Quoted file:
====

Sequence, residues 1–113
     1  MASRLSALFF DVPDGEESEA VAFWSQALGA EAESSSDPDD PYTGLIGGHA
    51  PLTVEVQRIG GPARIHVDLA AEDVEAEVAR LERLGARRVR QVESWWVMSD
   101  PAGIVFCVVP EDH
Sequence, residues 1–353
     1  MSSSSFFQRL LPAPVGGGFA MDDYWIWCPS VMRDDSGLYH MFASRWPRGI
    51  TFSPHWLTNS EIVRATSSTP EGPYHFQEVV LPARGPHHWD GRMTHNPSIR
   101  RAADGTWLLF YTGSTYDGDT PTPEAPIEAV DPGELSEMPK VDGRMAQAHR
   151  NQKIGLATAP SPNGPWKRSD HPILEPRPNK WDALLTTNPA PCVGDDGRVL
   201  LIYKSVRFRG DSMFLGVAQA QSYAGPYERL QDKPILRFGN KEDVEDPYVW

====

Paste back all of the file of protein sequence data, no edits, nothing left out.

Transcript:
Sequence, residues 1–113
     1  MASRLSALFF DVPDGEESEA VAFWSQALGA EAESSSDPDD PYTGLIGGHA
    51  PLTVEVQRIG GPARIHVDLA AEDVEAEVAR LERLGARRVR QVESWWVMSD
   101  PAGIVFCVVP EDH
Sequence, residues 1–353
     1  MSSSSFFQRL LPAPVGGGFA MDDYWIWCPS VMRDDSGLYH MFASRWPRGI
    51  TFSPHWLTNS EIVRATSSTP EGPYHFQEVV LPARGPHHWD GRMTHNPSIR
   101  RAADGTWLLF YTGSTYDGDT PTPEAPIEAV DPGELSEMPK VDGRMAQAHR
   151  NQKIGLATAP SPNGPWKRSD HPILEPRPNK WDALLTTNPA PCVGDDGRVL
   201  LIYKSVRFRG DSMFLGVAQA QSYAGPYERL QDKPILRFGN KEDVEDPYVW